Artie and Ani are cousins with magical abilities. To avoid getting sucked into an alternate dimension, they try and solve a number of puzzles in yet another text-based game in “Survival Horror” by Seanan McGuire. The story, which is fun as it’s being told, ends without complete closure, which either signals the beginning of a series or a story in which the author does not nail the ending. There is witty dialogue, a gentle bond between the cousins, and a truly excellent joke about Windows 7. Let’s hope this begins a series because we need more adventures from these cousins. Recommended.
“REAL” by Django Wexler is the second story in which someone tracks down a developer of a potentially nefarious game. This game, REAL, is an alternate reality game with a real-world component, something like a video game story that requires a treasure hunt in real life. The players in REAL begin disappearing. The developer, Aka, knows what’s happening, but he’s none to eager to tell. His story is so fantastical he’s convinced no one will believe him and he’s left the project because he cannot get the financier to stop the game. What exactly is going on feels extremely over the top, even for a video game, and clashes too much with the initial tone of the story, but there is a nice reveal regarding the identity of the journalist.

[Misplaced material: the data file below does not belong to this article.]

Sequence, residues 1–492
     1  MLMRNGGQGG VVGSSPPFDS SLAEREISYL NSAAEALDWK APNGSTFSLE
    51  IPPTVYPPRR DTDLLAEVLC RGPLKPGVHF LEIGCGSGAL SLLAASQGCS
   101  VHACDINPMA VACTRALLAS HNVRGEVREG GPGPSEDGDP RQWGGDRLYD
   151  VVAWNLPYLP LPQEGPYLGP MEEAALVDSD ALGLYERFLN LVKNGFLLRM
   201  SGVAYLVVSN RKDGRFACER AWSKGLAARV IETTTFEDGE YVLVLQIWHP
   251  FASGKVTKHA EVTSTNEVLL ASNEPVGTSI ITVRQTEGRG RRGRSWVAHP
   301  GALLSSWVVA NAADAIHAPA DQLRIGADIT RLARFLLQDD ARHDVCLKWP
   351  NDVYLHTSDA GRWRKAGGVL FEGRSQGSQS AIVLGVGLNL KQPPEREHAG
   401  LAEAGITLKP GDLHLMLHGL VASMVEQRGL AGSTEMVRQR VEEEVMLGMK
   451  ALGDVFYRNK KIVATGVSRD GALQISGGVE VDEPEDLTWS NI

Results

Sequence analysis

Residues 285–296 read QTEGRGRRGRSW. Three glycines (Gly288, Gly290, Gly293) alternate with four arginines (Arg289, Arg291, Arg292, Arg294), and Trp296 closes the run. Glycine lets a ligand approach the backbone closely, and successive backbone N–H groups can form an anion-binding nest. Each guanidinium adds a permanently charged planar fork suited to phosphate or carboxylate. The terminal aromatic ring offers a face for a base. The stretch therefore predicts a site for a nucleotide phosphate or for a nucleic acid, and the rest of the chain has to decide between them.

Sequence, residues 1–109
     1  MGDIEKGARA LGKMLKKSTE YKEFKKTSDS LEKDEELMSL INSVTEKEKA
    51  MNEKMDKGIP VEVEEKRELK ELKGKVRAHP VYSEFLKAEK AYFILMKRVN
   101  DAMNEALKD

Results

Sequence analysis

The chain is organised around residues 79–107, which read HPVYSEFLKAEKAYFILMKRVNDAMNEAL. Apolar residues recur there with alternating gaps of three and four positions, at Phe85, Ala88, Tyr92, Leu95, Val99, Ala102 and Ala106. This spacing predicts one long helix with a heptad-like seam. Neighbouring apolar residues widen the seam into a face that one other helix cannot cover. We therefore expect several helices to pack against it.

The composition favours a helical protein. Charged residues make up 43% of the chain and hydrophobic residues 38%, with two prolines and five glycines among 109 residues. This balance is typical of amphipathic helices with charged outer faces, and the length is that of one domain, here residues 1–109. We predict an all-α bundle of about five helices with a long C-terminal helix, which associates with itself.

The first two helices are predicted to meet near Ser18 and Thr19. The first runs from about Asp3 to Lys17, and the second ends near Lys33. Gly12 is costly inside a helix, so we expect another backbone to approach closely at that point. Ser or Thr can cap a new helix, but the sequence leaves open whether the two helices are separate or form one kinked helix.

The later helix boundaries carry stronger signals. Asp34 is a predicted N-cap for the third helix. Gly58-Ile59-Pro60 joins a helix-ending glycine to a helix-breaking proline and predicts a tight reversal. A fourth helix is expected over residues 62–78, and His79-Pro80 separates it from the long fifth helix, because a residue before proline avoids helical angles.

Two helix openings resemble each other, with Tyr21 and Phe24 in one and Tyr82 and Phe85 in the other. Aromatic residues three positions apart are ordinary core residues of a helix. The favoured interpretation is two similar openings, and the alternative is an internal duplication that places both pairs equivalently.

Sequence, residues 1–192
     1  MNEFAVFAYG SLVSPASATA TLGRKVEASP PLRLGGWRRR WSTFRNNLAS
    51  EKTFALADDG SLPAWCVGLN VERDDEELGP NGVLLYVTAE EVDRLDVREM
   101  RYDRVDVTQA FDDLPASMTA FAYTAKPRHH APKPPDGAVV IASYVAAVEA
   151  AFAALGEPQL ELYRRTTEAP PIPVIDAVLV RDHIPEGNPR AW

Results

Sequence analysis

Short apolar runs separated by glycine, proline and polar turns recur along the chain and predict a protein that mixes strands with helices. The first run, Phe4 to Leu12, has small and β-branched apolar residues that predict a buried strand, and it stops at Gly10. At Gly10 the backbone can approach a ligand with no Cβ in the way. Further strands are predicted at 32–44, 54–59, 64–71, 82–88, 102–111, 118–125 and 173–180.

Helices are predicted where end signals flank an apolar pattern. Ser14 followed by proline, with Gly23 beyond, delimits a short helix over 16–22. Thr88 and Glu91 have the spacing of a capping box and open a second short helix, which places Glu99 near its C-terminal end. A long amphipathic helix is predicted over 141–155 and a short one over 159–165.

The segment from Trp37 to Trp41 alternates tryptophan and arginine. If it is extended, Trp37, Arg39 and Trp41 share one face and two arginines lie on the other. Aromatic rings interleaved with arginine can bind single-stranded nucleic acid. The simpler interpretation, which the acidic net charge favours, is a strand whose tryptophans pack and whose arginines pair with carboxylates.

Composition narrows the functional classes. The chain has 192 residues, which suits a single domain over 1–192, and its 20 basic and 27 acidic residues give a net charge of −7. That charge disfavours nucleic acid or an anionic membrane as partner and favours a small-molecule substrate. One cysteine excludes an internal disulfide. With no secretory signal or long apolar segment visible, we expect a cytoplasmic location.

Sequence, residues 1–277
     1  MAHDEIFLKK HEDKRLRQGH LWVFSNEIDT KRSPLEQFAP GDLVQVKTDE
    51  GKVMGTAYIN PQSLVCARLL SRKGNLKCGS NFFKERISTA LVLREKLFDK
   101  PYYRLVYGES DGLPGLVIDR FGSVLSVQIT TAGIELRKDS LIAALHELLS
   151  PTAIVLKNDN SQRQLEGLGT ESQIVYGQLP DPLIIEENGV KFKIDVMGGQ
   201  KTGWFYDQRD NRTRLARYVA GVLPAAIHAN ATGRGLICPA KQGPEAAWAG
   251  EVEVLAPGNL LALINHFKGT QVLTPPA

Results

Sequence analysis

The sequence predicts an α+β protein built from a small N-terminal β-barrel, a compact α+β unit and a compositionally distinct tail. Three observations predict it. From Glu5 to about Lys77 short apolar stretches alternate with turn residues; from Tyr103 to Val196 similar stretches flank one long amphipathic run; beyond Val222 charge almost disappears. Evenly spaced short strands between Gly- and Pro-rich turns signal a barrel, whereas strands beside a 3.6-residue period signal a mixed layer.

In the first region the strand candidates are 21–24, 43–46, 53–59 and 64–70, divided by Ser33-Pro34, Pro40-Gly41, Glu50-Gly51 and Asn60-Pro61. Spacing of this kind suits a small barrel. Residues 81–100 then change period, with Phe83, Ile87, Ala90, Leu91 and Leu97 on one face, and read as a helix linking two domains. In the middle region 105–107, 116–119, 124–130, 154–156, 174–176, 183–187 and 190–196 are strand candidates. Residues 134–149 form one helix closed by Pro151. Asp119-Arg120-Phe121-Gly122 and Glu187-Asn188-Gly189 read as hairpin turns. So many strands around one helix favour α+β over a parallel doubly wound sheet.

Esme is a disappointment to her father in “Outliers” by Nicole Feldringer. The old man had wanted Esme to take over his business empire, but all she does is play her blasted games. Esme is an engaging and fun character and when Esme begins playing a game to help scientists study data on climate change, her family’s business and her gaming life come together. While the resolution is satisfying, the story suffers from needing to be longer, almost as if Feldringer rushes through the science out of fear of boring readers. Science fiction readers like the science though and by skimping on the science, which is the focus of the game, we’re also rushed through the particulars of the game play. Without those elements, we have little feel for the immersive quality that draws Esme in, which is a shame because the game, in outline, sounds as if it could be great fun.